World Mental Health Day: COVID-19 damages mental health of one in two people
COVID-19 is exacerbating the severity of mental illness. One in two adults across seven countries perceives that the coronavirus has negatively affected their mental health, according to research published by the International Committee of the Red Cross (ICRC).
The research, published days before the World Mental Health Day on October 10, aims to address the importance of adapting mental health and psychosocial support during COVID-19, promoting governments and community organizations across the world to respond to the escalating needs.
It shows that almost 75 percent believe that front-line medical workers suffer more mental health issues and have more mental health support needs than an average person. And about 67 percent of respondents agree that taking care both of mental and physical health has become more important now than before the COVID-19 crisis.
Robert Mardini, the ICRC’s director-general, said that lockdown restrictions, loss of social interaction, unemployment, and economic pressures triggered by the coronavirus are all impacting people’s mental health and access to care. Those who already live through conflicts and disasters are suffering much more serious psychological distress.
Nazha Motee’ El Hallaq, a Syrian refugee in Aarsal, Lebanon, told ICRC that the isolation and lockdown restrictions brought back terrifying memories of war.
“When self-isolation started taking place, and we found ourselves in the house not being able to move around, it reminded me of a time when we were in Syria, and we had to stay home because of the shelling and bombing.”
Sergio Simoes, a doctor working in a hospital in Fortaleza in Brazil, said he is suffering from anxiety and had to see a psychiatrist to increase his dose of medication, adding everyone around him has been impacted psychologically, and a number of colleagues have sought treatment with a psychologist or even a psychiatrist.
On the day, both the ICRC and the WHO highlighted the importance of providing affordable mental health care to the population as data shows very few people with mental illness have access to quality mental health service, and countries over the years invested only two percent of their health budgets on mental health.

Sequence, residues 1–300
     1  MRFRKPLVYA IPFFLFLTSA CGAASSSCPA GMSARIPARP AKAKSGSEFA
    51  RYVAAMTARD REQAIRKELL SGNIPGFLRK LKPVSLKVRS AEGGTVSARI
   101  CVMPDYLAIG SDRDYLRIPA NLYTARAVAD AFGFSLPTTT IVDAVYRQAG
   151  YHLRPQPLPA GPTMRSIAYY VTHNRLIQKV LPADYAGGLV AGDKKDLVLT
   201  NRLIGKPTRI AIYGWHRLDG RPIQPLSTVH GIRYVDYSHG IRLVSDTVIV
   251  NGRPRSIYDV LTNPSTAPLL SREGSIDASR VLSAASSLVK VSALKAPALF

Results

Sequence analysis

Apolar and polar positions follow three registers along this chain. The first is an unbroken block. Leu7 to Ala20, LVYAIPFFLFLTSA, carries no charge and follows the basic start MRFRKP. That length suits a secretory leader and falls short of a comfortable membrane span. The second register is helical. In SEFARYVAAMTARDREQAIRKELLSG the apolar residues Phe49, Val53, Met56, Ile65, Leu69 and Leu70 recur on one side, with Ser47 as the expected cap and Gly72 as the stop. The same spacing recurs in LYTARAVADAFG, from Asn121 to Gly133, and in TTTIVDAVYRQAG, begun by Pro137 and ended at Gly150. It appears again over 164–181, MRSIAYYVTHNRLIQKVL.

The WHO data shows that currently, close to one billion people are living with a mental disorder, three million people die every year from the harmful use of alcohol, and one person dies every 40 seconds by suicide, while more than 75 percent of them in low- and middle-income countries receive no treatment at all.
The two organizations believe that COVID-19 created an “historic opportunity” for governments and organizations worldwide to pay more attention to the mental health issue and turn commitments into action, calling for a massive scale-up in investment in mental health services.
The ICRC proposed three recommendations for states, policymakers, and other stakeholders to address the problem as the following:
– Ensuring early and sustained access to mental health and psychosocial support services for people affected by the pandemic
– Integrating mental health and psychosocial support in all responses addressing the needs arising because of the pandemic
– Prioritising protection of the mental health and wellbeing of staff and volunteers responding to the humanitarian needs in the pandemic
“Mental health programs are some of the least expensive interventions in humanitarian response, but they have lifesaving and priceless impact on the lives of people who need them”, said Jagan Chapagain, Secretary General of the International Federation of Red Cross and Red Crescent Societies.
The ICRC research was carried out by Ipsos from September 18 to 22 in seven countries: Colombia, Lebanon, the Philippines, South Africa, Switzerland, Ukraine, and the United Kingdom. A total of 3,500 people responded to the survey, and 500 people were queried in each country.